Tampa, FL • Nov. 16, 2005
On Tuesday night, I was shooting a trio of hardcore/metal bands in a little hole in the wall club that managed to cram about 500 people into a space fit for 250. People dove and crawled over one another in a sweaty, smelly, fantastically nostalgic throwback to the early ’80s hardcore scene. It was the farthest thing from what I would experience on Wednesday night, for as I returned home from the club I found an email promising me not only two ridiculously good seats to the following night’s U2 show in Tampa, but the much sought-after photo pass.
Let me just start by saying that this show- hell, the entire Vertigo 2005 tour!- has been sold out since tickets first went on sale several months ago. And I don’t mean the usual Arena-show “sold-out,” where the seats behind the stage are empty. Every seat in the 21,500 capacity St. Pete Times Forum had a happy ass in it – from the lucky fans who were randomly chosen to stand inside the horsehoe-shaped catwalk in front of the stage, all the way up to the nosebleed sections.
Opening for the Florida dates was Gavin Rossdale’s new band, Institute. Yes, they sound like Bush and they even played a couple Bush songs (including “Everything Zen”), but so what?! I liked Bush! Rossdale jumped around like a little kid, incorporating U2’s oval catwalk setup into his hyper runaround, as he led his band through a 40 minute set highlighting their debut release, Distort Yourself.
Making a surprise entrance in the middle of the catwalk, Bono entered the room under a rain of confetti and cheers. Living fully inside the rockstar mold that he has carved out for himself, he posed for the crowd (and the cameras) before slowly making his way to the main stage to lead the band through a trio of newer releases: “City of Blinding Lights,” “Vertigo,” and “Elevation.”
Unlike a lot of bands that have the expansive career that U2 has had (they’re going into the 25th year as a band and still have all of the original members! Look out, Aerosmith, you’ve got competition!), the new songs garner just as much respect as the old. And whether it’s a classic like “I Still Haven’t Found What I’m Looking For,” or a recent hit “Stuck In A Moment and You Can’t Get Out of It” (dedicated to Bono’s close friend and INXS’ late frontman, Michael Hutchence), the communal singing that takes place is awe-inspiring. It’s perhaps the greatest achievement in large scale venues like the Forum, when you can get that many people feeling the same thing at the same time and celebrate that elation through song. It’s something everyone needs to experience at least once in their lives.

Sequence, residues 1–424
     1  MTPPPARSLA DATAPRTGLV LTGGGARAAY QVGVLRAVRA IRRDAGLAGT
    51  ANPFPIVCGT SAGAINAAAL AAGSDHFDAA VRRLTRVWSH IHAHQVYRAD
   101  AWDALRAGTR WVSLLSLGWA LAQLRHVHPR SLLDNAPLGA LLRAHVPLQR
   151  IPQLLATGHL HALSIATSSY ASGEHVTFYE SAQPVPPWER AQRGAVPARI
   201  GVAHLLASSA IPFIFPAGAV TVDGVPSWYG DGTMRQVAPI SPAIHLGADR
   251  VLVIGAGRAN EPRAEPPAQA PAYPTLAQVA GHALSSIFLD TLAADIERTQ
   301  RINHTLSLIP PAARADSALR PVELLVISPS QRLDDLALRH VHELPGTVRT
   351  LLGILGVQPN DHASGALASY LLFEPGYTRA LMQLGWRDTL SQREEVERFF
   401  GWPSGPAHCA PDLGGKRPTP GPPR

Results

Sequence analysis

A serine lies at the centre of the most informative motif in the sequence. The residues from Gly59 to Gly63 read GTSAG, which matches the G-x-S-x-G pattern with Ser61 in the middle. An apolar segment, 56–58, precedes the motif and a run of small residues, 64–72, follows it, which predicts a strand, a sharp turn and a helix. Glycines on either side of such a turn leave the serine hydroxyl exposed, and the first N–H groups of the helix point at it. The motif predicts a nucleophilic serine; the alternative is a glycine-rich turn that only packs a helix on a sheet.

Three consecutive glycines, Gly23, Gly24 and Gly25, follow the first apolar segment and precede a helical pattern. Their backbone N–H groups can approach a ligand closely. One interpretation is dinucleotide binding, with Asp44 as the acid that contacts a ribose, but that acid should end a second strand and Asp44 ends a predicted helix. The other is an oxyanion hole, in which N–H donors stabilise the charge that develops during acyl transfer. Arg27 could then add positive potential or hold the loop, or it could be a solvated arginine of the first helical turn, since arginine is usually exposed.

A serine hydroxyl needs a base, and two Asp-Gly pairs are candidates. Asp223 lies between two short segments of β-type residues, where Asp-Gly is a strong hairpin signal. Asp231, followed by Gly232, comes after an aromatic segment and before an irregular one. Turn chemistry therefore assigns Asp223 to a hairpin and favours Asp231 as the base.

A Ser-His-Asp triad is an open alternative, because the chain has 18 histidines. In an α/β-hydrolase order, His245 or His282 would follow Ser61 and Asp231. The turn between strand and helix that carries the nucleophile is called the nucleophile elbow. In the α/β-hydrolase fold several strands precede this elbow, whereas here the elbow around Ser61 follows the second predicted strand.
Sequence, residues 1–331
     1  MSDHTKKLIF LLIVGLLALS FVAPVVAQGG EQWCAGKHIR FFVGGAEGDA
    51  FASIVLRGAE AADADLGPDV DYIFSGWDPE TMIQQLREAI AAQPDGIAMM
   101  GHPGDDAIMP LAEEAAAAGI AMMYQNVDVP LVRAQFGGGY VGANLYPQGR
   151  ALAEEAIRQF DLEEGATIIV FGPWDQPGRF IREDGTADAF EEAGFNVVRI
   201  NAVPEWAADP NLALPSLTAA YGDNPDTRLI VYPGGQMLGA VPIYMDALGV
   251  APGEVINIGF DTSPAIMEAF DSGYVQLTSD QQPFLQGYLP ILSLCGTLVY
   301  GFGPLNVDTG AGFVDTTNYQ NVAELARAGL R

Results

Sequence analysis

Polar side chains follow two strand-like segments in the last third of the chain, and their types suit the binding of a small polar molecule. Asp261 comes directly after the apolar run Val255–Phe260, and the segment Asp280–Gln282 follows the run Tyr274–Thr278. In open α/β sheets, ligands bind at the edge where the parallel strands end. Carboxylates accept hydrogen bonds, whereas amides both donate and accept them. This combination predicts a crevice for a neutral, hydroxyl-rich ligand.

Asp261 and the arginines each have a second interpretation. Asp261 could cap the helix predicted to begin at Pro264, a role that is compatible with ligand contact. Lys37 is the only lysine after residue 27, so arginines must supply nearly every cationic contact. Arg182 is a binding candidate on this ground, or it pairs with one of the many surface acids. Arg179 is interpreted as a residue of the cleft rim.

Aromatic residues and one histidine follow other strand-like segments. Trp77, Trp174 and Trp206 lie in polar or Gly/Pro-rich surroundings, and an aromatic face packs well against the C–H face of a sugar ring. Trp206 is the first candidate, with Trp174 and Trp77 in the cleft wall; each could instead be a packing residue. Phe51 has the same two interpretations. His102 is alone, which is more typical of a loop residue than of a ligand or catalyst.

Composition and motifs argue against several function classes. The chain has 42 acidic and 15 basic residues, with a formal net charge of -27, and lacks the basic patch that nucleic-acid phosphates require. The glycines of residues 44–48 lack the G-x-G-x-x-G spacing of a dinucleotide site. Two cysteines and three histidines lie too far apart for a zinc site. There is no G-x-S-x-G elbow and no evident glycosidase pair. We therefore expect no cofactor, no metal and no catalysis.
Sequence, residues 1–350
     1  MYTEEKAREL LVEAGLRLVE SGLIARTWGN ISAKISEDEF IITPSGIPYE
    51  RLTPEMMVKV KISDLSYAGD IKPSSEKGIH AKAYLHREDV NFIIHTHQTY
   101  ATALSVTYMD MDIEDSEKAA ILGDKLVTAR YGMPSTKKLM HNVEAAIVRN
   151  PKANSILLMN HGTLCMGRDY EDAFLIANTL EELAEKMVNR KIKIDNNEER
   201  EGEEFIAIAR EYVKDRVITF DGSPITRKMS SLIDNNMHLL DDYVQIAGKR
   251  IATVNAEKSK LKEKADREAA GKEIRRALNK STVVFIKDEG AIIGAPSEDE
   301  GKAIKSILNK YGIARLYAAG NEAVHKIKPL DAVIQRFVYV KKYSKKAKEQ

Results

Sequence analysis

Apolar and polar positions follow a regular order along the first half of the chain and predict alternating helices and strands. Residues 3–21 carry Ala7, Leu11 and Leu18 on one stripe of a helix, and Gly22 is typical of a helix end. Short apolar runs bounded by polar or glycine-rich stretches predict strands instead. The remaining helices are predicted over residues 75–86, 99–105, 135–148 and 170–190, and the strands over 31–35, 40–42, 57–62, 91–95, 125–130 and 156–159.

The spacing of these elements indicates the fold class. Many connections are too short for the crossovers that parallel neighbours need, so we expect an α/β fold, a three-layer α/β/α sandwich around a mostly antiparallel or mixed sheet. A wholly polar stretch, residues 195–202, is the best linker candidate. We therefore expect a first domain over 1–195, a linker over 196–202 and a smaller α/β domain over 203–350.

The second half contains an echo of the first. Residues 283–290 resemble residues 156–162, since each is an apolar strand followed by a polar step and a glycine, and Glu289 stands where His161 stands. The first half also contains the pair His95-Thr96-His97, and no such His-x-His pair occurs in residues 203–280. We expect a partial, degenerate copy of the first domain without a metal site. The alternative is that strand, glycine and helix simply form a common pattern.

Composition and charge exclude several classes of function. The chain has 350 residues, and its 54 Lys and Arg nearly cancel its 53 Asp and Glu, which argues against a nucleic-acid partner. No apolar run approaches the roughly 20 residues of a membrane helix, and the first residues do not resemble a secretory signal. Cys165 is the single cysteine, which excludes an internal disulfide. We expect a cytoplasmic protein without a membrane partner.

I could use 10,000 more words to describe how incredible U2 are as a band and Bono is as a frontman, but I’ll spare everyone the ass-kissing and just list several of my favorite moments of the Tampa Vertigo tour stop:
- “This is your song now,” Bono explains before giving a spine chilling performance of the war-themed “Sunday Bloody Sunday” with the entire crowd singing with him.
- Before “One,” he told everyone to hold up their cellphones to create what looked like a galaxy of blue lights.
- On “Miss Sarejevo” Bono sang opera parts written for Pavoratti, and nailed it!
- With a white bandana that spelled “Coexist” using the Muslim crescent moon, a Jewish star of David, and a crucifix as letters, he played the part of a prisoner held bound and blindfolded while a large screen displayed Articles from the Bill of Rights.
- “Where the Streets Have No Name.”
- During the encore, Bono brought a girl onto the stage and sang “With or Without You” while slow dancing with her in a tight embrace, then knelt down and kissed her hand before escorting her back into the crowd.
I don’t care who you are, when you see this band live you can’t help but be impressed. It happened to me in 1997 when my best friend, Sean, dragged me to their PopMart tour. “You owe me one,” was pretty much my attitude on the way to the show, but as we left I said to him, “Thank You.” Eight years later I was able to treat my girlfriend to her first U2 concert, and as we drove home she said those same words to me, “Thank You.”